Bill Cosby Blames Racism For the 60 Women Who’ve Accused Him of Sexual Assault

In his first interview in years, the comedy legend put his foot in his mouth.

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For two years, as dozens and dozens of women emerged to accuse him of rape and sexual assault, Bill Cosby remained silent. Now we know why. In his first interview since 2014, the 79-year-old has said something so dumb that he might want to plan another three year hiatus from talking to the media.

The comment came during an interview with Sirius XM’s Michael Smerconish, and it was in response to a remark from Cosby’s daughter Ensa, who recently said, “I believe that racism has played a big role in all aspects of this scandal. … My father is being punished by a society that still believes black men rape white women, but passes off as ‘boys will be boys’ when white men are accused.”

Asked about Ensa’s take, Cosby said, “Could be… I just truly believe that some of it may very well be that.”

This probably isn’t what Cosby’s attorneys had in mind when they scheduled the interview, which is part of a larger push to try to turn public sentiment back in his favor, an impossible task if there ever was one.  

One of those attorneys, Angela Agrusa, recently said she’s hoping to change “the optics” for Cosby, who will stand trial next month for the alleged drugging and sexual assault of Andrea Constand. Cosby is accused of assaulting the then-31-year-old Temple University basketball director in 2004.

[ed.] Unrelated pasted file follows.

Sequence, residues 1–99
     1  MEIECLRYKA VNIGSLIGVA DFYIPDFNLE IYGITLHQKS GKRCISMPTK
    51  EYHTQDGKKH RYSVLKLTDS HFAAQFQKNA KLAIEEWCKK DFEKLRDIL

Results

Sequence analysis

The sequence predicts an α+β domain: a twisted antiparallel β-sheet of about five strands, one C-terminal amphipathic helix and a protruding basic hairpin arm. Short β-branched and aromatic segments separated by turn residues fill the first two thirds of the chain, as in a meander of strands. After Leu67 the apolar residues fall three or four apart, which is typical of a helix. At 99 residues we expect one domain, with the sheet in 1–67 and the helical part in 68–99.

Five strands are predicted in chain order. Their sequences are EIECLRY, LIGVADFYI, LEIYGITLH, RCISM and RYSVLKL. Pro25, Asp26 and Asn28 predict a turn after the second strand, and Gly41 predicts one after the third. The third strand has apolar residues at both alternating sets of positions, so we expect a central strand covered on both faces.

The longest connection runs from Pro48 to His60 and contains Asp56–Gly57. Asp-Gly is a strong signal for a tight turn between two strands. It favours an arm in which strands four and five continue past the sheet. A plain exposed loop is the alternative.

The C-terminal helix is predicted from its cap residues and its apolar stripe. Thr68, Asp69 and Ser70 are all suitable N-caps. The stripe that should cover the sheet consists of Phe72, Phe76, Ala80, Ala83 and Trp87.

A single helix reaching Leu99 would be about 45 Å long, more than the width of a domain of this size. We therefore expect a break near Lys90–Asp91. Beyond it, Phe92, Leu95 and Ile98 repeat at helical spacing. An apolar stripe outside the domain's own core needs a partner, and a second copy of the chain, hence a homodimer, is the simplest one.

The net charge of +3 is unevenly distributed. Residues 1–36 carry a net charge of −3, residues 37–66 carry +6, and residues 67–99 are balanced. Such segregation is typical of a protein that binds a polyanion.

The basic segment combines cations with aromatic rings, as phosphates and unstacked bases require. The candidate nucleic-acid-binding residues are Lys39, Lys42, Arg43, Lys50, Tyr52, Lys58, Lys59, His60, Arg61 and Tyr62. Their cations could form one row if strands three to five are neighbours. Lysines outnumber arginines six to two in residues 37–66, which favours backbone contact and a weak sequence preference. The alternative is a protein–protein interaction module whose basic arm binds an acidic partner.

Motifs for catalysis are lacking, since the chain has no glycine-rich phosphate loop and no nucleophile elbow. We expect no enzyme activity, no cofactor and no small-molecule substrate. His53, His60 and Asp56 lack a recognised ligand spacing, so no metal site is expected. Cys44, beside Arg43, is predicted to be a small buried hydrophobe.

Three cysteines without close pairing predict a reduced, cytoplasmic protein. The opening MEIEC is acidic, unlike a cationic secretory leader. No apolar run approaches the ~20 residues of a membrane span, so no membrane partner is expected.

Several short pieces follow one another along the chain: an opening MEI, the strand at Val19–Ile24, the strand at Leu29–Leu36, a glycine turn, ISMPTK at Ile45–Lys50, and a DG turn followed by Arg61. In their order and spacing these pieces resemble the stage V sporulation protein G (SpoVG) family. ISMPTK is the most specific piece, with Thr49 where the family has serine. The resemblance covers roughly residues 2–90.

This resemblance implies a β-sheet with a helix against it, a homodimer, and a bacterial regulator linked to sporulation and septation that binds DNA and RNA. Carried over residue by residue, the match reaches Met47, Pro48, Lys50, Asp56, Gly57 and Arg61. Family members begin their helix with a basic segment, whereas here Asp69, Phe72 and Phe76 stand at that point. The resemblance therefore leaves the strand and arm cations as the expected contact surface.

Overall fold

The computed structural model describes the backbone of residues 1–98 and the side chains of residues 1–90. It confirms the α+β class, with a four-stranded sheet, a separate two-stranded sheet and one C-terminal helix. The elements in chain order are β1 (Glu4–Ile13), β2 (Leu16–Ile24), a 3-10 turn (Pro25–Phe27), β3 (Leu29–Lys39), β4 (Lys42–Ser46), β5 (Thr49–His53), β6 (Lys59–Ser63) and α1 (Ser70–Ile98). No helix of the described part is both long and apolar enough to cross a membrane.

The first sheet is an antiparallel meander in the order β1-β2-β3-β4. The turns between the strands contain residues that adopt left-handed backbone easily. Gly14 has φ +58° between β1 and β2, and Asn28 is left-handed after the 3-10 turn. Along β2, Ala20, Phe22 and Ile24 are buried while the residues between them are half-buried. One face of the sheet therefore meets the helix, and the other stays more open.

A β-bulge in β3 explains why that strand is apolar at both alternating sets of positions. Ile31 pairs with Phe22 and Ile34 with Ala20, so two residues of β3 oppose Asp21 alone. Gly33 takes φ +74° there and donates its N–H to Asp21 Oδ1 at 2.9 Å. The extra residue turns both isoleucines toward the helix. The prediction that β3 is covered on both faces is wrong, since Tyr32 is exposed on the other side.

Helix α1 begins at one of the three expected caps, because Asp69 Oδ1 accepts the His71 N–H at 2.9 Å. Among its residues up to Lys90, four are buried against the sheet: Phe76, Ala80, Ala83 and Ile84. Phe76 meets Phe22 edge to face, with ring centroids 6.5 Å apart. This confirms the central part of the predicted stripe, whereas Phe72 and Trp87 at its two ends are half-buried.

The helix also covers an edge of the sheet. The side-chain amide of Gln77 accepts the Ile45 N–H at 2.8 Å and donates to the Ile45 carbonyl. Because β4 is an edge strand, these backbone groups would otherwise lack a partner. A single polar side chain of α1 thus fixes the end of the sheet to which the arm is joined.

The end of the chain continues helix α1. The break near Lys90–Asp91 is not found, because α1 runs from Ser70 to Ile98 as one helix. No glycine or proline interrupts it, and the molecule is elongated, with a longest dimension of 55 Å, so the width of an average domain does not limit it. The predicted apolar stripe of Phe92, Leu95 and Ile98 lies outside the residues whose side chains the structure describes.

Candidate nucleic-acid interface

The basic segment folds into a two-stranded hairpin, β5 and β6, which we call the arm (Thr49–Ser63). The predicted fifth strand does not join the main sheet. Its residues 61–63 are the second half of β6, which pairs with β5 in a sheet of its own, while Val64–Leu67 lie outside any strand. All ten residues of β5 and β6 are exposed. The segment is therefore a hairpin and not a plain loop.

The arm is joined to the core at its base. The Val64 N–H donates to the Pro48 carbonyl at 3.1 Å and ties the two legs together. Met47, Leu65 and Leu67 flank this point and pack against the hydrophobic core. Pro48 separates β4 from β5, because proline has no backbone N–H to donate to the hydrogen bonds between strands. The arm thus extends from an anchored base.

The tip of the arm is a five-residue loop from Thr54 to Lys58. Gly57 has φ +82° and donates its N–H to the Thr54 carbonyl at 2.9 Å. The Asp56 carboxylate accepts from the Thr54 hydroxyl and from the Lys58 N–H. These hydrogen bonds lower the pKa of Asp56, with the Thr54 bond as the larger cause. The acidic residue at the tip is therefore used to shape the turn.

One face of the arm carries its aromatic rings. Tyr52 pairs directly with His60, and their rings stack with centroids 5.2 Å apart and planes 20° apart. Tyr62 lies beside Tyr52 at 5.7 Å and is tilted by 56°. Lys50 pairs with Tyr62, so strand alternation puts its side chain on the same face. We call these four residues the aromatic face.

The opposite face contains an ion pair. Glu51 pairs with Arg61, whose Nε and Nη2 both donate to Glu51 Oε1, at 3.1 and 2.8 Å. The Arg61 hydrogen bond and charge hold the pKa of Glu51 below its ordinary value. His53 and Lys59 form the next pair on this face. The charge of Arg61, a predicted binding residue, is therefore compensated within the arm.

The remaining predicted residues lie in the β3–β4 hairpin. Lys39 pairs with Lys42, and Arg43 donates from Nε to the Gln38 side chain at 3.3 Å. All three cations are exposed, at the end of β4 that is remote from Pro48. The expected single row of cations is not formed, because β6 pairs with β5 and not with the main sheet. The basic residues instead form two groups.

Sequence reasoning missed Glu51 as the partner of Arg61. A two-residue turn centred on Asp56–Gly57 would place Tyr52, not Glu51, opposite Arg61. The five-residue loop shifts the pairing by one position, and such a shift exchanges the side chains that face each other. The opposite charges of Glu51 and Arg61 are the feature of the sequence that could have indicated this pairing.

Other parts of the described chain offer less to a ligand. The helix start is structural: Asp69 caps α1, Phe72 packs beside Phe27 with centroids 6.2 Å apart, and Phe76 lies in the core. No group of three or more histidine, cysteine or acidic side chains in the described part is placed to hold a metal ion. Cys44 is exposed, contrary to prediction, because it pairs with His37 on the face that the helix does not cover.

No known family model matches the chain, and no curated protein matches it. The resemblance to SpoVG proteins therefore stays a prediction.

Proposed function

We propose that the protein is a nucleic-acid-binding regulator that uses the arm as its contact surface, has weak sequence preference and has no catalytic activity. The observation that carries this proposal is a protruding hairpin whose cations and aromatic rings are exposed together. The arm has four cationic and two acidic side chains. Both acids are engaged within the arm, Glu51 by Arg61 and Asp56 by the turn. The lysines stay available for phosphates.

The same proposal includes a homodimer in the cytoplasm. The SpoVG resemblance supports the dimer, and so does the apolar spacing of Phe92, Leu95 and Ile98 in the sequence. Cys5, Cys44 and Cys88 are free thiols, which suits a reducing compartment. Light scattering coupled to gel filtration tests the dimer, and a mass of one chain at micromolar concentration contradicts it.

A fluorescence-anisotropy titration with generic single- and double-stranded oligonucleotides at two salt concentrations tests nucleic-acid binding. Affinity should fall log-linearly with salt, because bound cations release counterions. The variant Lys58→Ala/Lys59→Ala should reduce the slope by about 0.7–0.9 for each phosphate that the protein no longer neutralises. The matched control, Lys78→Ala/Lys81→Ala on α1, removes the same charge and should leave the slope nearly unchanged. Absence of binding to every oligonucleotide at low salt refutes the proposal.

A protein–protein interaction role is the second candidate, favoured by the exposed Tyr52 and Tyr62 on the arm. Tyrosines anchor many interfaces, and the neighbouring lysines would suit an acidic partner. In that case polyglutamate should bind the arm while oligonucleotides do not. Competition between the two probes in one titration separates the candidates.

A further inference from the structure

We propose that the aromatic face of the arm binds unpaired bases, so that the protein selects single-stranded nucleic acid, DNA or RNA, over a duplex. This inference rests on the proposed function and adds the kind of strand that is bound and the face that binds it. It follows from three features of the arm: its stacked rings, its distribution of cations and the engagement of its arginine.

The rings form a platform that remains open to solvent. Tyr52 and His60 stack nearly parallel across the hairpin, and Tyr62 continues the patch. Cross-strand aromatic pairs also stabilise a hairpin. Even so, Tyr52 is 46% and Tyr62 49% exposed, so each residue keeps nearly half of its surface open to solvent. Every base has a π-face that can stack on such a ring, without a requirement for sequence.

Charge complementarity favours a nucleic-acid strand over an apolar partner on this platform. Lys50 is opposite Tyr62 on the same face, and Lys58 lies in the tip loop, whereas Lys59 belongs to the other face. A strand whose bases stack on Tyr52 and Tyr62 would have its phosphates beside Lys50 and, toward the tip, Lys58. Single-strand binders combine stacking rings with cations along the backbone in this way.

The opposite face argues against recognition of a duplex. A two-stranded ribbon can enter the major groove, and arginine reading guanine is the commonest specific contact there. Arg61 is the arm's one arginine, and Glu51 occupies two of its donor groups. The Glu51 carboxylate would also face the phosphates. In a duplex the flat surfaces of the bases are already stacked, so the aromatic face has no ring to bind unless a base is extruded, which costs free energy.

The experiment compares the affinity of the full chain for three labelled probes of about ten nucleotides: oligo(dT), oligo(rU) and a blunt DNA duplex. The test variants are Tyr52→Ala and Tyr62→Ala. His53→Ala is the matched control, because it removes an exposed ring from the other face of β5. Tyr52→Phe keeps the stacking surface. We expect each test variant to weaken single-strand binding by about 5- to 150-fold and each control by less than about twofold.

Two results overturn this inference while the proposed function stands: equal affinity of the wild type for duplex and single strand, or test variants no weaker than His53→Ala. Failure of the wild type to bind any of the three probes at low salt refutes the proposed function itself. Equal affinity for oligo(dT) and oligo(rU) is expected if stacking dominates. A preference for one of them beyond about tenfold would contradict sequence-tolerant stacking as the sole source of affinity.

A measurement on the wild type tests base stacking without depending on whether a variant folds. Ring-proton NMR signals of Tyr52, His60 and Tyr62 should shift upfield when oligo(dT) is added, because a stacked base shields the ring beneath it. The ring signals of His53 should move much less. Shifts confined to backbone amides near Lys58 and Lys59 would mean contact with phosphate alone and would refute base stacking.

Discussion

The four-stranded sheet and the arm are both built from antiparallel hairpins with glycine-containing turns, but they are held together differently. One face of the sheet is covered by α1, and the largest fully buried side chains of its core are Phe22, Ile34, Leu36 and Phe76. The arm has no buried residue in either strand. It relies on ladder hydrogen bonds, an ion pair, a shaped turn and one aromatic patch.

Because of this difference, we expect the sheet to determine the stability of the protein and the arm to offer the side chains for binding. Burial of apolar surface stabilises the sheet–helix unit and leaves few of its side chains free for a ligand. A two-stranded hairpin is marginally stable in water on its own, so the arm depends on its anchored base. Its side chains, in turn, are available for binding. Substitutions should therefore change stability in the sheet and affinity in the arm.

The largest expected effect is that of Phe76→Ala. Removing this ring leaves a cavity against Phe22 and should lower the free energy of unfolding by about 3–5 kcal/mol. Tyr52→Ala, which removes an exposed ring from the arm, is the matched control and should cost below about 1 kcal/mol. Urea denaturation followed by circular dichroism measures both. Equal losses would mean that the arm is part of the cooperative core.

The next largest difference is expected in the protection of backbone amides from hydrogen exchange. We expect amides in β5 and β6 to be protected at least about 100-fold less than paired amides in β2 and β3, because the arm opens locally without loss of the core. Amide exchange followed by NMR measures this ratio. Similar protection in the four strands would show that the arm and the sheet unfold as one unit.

Cosby’s racism accusation is convincing no one, in part becuase many of women accusing him are black.

In the interview with Smerconish, the comedy legend also said that the only reason so many women spoke out against him was to sway public opinion. “So, the piling on, so to speak is a way—and certainly an impressive, impressive way—to get public opinion to come to the other side,” Cosby said.

Cosby won’t be testifying during the trail, he told Smerconish. “When you have to deal with examination, cross-examination, et cetera, et cetera—more than two sides to every story. Sometimes it’s four or five,” he said. “I just don’t want to sit there and have to figure out what I believe is a truthful answer as to whether or not I’m opening a can of something that my lawyers are scrambling.”

The trial starts in June and the judge has said he expects it to last two weeks.